SUTTON, W.Va.—One night in 1984, the Reverend Bernard Coffindaffer had an epiphany. God called him, he explained afterward, to erect sets of three crosses across the land to recall Christ's crucifixion at Calvary. He would raise them wherever he could and start nearby—in the foothills west of the Allegheny Mountains in central West Virginia.
In less than a decade, thousands of such crosses had sprung up across the eastern U.S., capping knolls and other landmarks along highways from Florida and Texas north into Pennsylvania and beyond.
In 1993, Coffindaffer died of a heart attack at his Craigsville, West Virginia home. Though other groups have taken up his ministry, many crosses have fallen into disrepair or collapsed entirely. There's every chance that more than a quarter-century after they were raised, many will have perished by the half-century mark.
Here are some facts about the crosses and Coffindaffer that may or may not be known by the millions of people who see them along U.S. highways annually.
The first set of Coffindaffer's crosses was raised on a knoll along I-79 at Flatwoods, West Virginia, near the very center of West Virginia. Once established, many property owners offered their land to the ministry. Many were located on hills that recalled Golgotha.
One of the most famous sets was raised on a small island in the Kanawha River near Gauley Bridge, West Virginia. It is now among the best-known and is among the most photographed landmarks in the southern state. The crosses are now lighted at night.
Coffindaffer said that in 1984 he felt a divine calling to raise the crosses. “I didn't see a spirit," he said. "I heard the authority of the voice of God. It was language, but no way was it a human voice. My wife watched me copy it all down at 3 o'clock in the morning.”
Coffindaffer sold off his business and used the profits, reportedly some $3 million, to create the nonprofit organization Cast Thy Bread Inc., which funded the installation of the “Crosses of Mercy,” as he called them, on the property of supportive patrons.
The first crosses were built of telephone poles. The center cross was painted gold, and the two flanking crosses were blue. Gold represented royalty, Coffindaffer said, and blue, the Earth. The central cross stands 25 feet tall. Flanking crosses are 20 feet tall.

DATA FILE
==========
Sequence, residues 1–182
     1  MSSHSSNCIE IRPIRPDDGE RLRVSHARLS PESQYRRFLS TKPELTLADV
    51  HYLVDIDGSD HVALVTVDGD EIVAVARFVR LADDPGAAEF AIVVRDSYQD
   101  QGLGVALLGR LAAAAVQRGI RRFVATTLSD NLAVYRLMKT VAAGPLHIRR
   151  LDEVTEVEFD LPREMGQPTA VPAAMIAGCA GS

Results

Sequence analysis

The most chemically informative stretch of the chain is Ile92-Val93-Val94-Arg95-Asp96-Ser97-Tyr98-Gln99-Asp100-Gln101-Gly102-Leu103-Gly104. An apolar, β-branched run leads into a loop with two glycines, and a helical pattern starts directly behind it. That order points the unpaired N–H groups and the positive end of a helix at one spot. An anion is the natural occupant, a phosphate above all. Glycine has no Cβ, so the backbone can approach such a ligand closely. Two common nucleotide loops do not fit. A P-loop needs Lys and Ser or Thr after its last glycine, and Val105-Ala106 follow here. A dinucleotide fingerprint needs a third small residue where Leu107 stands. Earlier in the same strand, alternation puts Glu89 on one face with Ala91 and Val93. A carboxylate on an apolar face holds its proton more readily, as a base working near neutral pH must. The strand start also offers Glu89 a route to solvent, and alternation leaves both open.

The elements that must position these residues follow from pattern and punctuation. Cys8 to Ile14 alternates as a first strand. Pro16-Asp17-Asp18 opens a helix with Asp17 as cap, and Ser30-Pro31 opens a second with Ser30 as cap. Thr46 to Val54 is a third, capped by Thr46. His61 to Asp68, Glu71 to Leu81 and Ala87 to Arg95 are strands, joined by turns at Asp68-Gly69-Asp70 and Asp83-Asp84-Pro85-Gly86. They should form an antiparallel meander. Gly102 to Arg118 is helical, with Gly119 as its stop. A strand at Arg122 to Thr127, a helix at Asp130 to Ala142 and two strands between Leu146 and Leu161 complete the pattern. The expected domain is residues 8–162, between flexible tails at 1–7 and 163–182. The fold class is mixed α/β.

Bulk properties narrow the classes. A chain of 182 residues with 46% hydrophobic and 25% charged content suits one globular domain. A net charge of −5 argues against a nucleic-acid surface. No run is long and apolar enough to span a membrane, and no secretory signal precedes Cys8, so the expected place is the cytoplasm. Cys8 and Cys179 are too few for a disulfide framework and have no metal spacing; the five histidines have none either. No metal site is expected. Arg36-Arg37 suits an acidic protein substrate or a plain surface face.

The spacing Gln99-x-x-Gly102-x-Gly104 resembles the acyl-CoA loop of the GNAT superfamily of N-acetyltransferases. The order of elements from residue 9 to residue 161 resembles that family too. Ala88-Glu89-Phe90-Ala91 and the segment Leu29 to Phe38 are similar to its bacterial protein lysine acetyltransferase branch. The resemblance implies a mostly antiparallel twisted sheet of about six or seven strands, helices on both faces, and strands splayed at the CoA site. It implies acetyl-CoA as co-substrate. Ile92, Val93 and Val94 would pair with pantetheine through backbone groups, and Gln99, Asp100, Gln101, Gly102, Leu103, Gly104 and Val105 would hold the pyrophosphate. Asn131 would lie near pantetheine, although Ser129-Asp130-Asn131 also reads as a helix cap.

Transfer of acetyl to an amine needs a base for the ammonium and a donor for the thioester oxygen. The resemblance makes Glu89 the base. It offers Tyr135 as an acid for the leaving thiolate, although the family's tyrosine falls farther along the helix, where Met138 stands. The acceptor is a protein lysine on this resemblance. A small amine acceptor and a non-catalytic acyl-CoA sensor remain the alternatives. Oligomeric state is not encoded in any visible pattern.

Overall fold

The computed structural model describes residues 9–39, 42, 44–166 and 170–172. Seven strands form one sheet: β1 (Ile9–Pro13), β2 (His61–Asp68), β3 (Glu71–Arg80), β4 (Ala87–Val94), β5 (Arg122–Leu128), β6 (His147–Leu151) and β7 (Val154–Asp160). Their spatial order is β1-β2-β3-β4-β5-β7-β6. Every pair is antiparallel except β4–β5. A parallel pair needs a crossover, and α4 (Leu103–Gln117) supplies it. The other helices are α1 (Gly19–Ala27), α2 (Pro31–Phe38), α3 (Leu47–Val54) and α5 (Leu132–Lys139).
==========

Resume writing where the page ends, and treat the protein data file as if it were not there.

Coffindaffer worked in the oil industry and later founded a coal-washing business. He proclaimed himself a Christian at age 42 and then a Methodist minister. He served seven small churches in Pocahontas County. He was later awarded an honorary doctorate.
One of the most inaccessible sets of crosses was raised on a mountaintop 800 feet above the U.S. 19 expressway at the community of Birch River. Their installation required the crew to haul the timbers onto a 30-foot cliff at the summit. The crosses have since fallen.
One of the first and most accessible sets of crosses is located along the U.S. 19 expressway at a small cemetery at the Herold Road intersection near Sutton, West Virginia. Plans for a marker memorializing Coffindaffer's efforts were proposed to be installed here after his death but were never finalized. Like many other groupings, these are leaning and in disrepair. This particular locale is popular for selfies.
Following Bernard Coffindaffer's death, the ministry Crosses Across America Inc., of Vicksburg, Mississippi, was established to continue his mission and maintain the crosses. However, the established website is no longer operative.
Mountain speech may still be heard in rural West Virginia
Though its speakers are aging and fast declining in number, there are still places in West Virginia where you can hear people speak in what’s known as the Southern Mountain Dialect, more often called Appalachian Speech.
Though it was often mocked as uncouth, many scholars defended it as well preserved. Isolated by the mountains, its speakers employed a form of speech that had not evolved as quickly as had speech in the open lands beyond. Read the full article here.
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